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Pelosi, Mnuchin report progress on pandemic relief — but time is running short

While the presidential candidates make their pitches to voters across the country, lawmakers in Washington, D.C., are continuing negotiations over another coronavirus relief package. House Speaker Nancy Pelosi and Treasury Secretary Steve Mnuchin said their differences on a bill are narrowing -- but meanwhile, time is running short. Lisa Desjardins and Yamiche Alcindor join Amna Nawaz to discuss.

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  • Amna Nawaz:

    Meanwhile, back in Washington, negotiations for coronavirus relief continue.

    To help make sense of the back-and-forth, I'm joined by our White House correspondent, Yamiche Alcindor, and congressional correspondent Lisa Desjardins.

    Good to see you both.

    And, Lisa, let's start with you. Now, it has been a long time since Americans have seen any kind of relief from a COVID relief bill coming out of Congress.

    Bring us up to speed. What's the latest on the negotiations right now?

  • Lisa Desjardins:

    Well, just in the last couple of hours, Amna, another glimmer, not much more, but a glimmer of hope.

    Treasury Secretary Mnuchin and Speaker of the House Nancy Pelosi had another phone conversation lasting just under an hour. They said they have narrowed their differences. And now Pelosi is doing something she hasn't done before. She's asking her committee chairmen to speak to their Republican counterparts on the Senate side, and for those two to try and work out differences in specific areas.

    It's a good sign. But here's the thing. Pelosi has outlined that she thinks, in order for a deal to get through Congress by Election Day, it has to really come to bear, it has to be outlined by tomorrow night. And it is not clear, with all their differences, including state and local money, unemployment, money, child care help, that they can get that done by tomorrow.

    Another factor, Amna, a quick graphic I want to show, there are a lot of dynamics for both sides that may discourage a deal. If you look at this graphic here, you can see that, for House Democrats, some of them believe that they will have more leverage and more power after the election. They think things in the House and Senate may be moving their way.

    On the other hand, for Senate Republicans, they are divided over a larger aid package altogether. And then the White House itself, however, would like something to get done by November 3, clock ticking very fast.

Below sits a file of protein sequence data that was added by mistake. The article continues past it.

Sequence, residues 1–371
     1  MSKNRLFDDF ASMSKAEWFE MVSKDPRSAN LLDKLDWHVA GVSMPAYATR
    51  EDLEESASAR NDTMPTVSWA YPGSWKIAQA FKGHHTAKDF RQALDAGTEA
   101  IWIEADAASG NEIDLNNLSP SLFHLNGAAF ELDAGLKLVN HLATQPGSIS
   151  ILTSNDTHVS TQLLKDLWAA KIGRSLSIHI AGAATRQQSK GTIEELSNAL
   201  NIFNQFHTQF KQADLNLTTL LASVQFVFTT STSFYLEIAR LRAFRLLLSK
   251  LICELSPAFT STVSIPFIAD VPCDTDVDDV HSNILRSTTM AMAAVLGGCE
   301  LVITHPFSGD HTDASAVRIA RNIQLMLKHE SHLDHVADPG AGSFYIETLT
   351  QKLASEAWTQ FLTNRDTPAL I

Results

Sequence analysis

• Amna Nawaz:

    Yamiche, pick up on what Lisa was just talking about there, Speaker Pelosi saying, the deadline is basically now, it's got to happen soon if Americans are going to get any kind of relief before Election Day.

    What's the president thinking when it comes to a possible deal?

  • Yamiche Alcindor:

    Well, 15 days before Election Day, the president is really, really eager to get some sort of deal done.

    He wants to be able to point to the American people and say, this is what I got done for you here, the people that are struggling because maybe you lost your job or you have a small business. He wants to be able to get on the campaign trail and say, your president is working for you. I was able to work with Democrats and get this done.

    The problem, of course, is that President Trump has been in some times a wrinkle in all of this. He's been on again, off again with these negotiations. Today, he was saying that he thinks that Nancy Pelosi is the one who doesn't want this done before the election, saying, essentially, that she wants to play politics with the timing.

    Another thing to note is that Democrats and Republicans are still far apart. Democrats are around $2.2 trillion. The White House is at about $1.8 trillion. President Trump, though, is saying he wants more money than what the Democrats want, except the White House hasn't actually made that offer to Republicans and made that offer to Democrats.

    Another thing to note is that the president hasn't really outlined how he's going to get Senate Republicans to work with him. He said today that he promised he would be able to get Senate Republicans on board. But we just don't know what the conversations are at that point. So, really, this is about the president wanting to be able to push, wanting to be able to make promises.

    Another thing, of course, that's really key is that the numbers are off on some key areas. As Lisa said, it's about school and state funding. It's about whether or not the unemployment benefits will be able to be on the same page with Republicans and Democrats.

    So, the president here is playing a large role, but that role continues to shift and change. And that's why we continue to see a glimmer of hope, but there's a lot of things that aren't done.

  • Amna Nawaz:

    A lot of things that aren't done. The back-and-forth continues, and, of course, a lot of Americans out there desperately in need of that help.

    That is Yamiche Alcindor and Lisa Desjardins.

    Thanks to you both.

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